The office communications app Slack is less than two years old, but the company behind it recently raised an incredible $160 million dollars in a deal that valued the company at $2.8 billion. In an interview with the New York Times's Farhad Manjoo, Slack CEO Stewart Butterfield argued that this might be the best time in world history to raise money for a startup:
I’ve been in this industry for 20 years. This is the best time to raise money ever. It might be the best time for any kind of business in any industry to raise money for all of history, like since the time of the ancient Egyptians. It’s certainly the best time for late-stage start-ups to raise money from venture capitalists since this dynamic has been around.
Why do investors have a seemingly insatiable appetite for technology companies like Slack? In trying to answer this question, I think a lot of people focus too much on characteristics of the technology sector itself. Silicon Valley companies are pioneering a lot of important innovations right now, but the same thing was true 10, 20, 30, and 40 years ago.
Rather, I think the increasingly favorable environment for fundraising in Silicon Valley is a reflection of broader macroeconomic trends. Inflation-adjusted interest rates have been declining for decades, a sign that businesses are finding it more and more difficult to invest available capital in things like factories or research and development in ways that will produce high returns.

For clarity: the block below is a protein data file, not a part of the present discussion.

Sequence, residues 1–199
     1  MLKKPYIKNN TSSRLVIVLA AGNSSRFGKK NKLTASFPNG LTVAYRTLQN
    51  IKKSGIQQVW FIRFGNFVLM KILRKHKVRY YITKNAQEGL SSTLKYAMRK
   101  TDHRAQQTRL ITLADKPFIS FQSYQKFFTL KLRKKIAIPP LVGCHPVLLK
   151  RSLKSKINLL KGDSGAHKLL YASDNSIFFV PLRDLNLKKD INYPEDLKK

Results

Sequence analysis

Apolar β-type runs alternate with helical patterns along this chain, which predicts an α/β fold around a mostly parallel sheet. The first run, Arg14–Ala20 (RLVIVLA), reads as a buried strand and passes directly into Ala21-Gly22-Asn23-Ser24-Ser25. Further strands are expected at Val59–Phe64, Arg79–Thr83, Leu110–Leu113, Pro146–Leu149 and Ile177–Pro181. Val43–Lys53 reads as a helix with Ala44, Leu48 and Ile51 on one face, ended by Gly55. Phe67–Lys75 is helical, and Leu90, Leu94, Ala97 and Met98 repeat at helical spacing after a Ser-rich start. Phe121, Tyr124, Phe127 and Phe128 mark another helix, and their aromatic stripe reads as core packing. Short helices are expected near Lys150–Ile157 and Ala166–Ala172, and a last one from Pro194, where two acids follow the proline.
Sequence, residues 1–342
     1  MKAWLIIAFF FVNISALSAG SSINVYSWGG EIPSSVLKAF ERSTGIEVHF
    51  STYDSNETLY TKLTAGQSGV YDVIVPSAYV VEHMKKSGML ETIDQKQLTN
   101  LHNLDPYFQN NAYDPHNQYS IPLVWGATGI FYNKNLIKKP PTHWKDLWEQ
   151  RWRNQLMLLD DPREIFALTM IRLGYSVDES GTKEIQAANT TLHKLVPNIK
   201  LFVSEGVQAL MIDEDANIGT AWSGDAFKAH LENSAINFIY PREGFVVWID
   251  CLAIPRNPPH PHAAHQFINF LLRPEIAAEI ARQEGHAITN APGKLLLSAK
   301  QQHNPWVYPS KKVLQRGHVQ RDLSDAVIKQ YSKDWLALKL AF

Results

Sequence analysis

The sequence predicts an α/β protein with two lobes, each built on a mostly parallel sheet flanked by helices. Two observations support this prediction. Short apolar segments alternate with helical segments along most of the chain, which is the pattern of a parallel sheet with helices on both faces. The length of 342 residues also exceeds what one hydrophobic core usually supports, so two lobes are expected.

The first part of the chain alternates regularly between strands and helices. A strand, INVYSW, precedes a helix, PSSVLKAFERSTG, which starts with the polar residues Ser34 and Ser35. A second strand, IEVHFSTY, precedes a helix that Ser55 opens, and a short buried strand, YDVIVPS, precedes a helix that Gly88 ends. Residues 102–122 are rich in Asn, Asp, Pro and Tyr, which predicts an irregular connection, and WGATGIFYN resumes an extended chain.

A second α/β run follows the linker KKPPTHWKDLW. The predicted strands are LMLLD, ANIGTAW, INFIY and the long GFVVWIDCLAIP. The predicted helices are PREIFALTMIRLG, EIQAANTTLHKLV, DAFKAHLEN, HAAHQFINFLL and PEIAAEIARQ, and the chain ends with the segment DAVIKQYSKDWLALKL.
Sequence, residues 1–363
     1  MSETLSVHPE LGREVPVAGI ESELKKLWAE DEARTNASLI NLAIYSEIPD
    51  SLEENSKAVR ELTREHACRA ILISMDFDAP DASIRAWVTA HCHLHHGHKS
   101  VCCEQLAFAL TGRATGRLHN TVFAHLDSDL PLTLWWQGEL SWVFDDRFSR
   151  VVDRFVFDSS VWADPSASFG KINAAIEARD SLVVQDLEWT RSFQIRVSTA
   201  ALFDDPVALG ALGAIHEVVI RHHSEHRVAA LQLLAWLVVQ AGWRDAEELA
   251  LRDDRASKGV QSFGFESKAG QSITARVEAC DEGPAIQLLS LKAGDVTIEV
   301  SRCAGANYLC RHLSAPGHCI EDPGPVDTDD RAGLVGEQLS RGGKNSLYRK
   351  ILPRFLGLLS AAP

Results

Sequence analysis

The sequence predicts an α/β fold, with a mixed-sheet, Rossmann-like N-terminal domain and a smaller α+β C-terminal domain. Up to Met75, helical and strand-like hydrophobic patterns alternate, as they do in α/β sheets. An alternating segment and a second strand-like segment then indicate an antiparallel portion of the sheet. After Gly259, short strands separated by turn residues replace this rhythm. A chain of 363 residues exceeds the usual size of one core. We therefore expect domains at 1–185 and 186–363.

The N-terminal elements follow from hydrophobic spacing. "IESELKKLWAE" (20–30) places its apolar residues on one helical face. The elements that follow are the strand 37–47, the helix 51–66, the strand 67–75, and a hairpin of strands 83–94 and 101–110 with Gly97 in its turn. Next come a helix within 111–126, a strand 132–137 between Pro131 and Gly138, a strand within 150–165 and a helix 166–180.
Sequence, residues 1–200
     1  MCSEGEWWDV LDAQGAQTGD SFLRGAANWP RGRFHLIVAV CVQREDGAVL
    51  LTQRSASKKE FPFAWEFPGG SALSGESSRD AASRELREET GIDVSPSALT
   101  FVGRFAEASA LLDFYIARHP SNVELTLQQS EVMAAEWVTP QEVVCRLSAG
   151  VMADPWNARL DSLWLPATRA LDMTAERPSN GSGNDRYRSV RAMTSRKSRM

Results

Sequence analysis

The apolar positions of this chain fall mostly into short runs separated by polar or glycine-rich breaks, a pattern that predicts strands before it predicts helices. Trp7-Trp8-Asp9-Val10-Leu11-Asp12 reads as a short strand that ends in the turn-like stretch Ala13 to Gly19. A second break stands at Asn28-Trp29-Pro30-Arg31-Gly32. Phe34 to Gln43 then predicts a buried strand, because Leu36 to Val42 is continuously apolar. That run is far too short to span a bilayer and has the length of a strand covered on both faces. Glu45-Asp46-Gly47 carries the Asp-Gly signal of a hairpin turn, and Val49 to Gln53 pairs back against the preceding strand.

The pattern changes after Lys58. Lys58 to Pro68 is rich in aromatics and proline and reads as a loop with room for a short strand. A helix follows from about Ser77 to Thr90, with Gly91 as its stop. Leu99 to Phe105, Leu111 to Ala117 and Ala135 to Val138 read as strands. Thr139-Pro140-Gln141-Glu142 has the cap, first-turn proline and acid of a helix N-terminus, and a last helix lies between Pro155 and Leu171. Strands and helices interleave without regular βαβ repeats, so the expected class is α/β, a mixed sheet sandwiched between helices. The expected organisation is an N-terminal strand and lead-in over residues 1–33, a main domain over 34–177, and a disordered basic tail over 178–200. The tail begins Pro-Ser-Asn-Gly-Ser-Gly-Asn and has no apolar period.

Silicon Valley is one of the few remaining bright spots. The worse the returns on other investments get, the more willing investors become to take big risks in pursuit of higher returns.
It's certainly possible that this will prove to be a bubble that pops in the next few years. But it's also possible that this is just the new normal. If interest rates stay low, any industry that shows a potential for rapid growth could be flooded with cash from investors desperate for higher returns.